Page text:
Regulations watch: Below is a timeline for guidance projects released by the IRS related to the TCJA.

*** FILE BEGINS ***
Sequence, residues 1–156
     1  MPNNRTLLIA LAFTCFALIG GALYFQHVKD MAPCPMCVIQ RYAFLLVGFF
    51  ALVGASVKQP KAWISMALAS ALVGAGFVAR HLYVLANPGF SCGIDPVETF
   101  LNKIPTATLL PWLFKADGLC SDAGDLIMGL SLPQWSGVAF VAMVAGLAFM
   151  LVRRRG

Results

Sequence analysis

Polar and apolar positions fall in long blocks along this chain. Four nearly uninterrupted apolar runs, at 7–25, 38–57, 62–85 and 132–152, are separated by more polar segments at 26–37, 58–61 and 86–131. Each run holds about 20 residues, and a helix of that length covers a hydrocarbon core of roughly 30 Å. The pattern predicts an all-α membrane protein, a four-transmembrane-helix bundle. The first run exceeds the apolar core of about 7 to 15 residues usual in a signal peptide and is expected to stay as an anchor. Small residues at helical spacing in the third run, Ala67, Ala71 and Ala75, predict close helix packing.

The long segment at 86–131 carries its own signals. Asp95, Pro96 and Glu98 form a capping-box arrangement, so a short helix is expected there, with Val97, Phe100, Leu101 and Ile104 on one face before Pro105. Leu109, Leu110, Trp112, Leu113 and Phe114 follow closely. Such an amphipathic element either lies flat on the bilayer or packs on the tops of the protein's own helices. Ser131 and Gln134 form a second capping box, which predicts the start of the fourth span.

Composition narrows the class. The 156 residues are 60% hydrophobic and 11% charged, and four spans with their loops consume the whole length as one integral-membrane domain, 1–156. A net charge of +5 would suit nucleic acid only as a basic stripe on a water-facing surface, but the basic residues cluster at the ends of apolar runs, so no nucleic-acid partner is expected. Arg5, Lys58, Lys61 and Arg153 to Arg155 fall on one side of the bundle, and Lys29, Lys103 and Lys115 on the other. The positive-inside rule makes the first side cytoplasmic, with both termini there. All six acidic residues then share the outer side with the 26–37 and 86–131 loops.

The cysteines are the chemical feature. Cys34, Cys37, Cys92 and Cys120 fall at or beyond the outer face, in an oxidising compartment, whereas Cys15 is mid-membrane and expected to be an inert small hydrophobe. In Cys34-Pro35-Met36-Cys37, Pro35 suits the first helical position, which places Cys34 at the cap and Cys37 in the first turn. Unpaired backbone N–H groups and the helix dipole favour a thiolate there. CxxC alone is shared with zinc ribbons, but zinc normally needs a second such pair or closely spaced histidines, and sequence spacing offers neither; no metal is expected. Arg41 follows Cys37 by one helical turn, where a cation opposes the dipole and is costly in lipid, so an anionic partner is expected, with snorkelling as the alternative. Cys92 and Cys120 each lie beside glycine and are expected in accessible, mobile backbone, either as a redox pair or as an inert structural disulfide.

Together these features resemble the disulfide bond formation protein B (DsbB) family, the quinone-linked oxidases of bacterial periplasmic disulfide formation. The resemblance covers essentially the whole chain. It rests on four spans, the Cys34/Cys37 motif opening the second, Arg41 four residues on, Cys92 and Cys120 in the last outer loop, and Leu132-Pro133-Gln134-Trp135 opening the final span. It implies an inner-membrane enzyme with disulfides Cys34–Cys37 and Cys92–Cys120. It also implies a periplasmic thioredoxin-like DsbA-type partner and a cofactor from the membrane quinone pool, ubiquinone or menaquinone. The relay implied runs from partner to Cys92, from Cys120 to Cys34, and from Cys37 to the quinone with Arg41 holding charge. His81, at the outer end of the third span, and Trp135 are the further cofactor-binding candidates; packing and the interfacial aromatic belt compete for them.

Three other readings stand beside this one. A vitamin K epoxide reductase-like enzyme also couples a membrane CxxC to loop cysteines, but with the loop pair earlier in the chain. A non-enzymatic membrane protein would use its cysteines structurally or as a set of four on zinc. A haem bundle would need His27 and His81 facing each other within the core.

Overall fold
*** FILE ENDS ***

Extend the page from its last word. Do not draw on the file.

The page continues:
"Our workers and small businesses through no fault of their own were forced to shut down and stay home in order to slow the spread of COVID-19 while we expanded hospital capacity, testing, and explored potential treatments. We've made progress and now we need to reopen responsibly, which requires careful planning by workers and employers alike to keep the workplace, and customers, safe. This means main street businesses may need to reconfigure their layouts to ensure proper social distancing, or to provide protective equipment to their employees who want to return to work. And it means government should make it as easy as possible to handle these unexpected costs — instead of raising taxes or adding new complicated policies that make it harder for our economy to thrive. I am a tax attorney; I am also a survivor of coronavirus. I think it's vital that every American has what they need to work and provide for their family while taking reasonable measures to stay healthy." — Rep. Tom Rice (R-SC), July 16 Op-Ed: A Tax Credit for Healthy Workplaces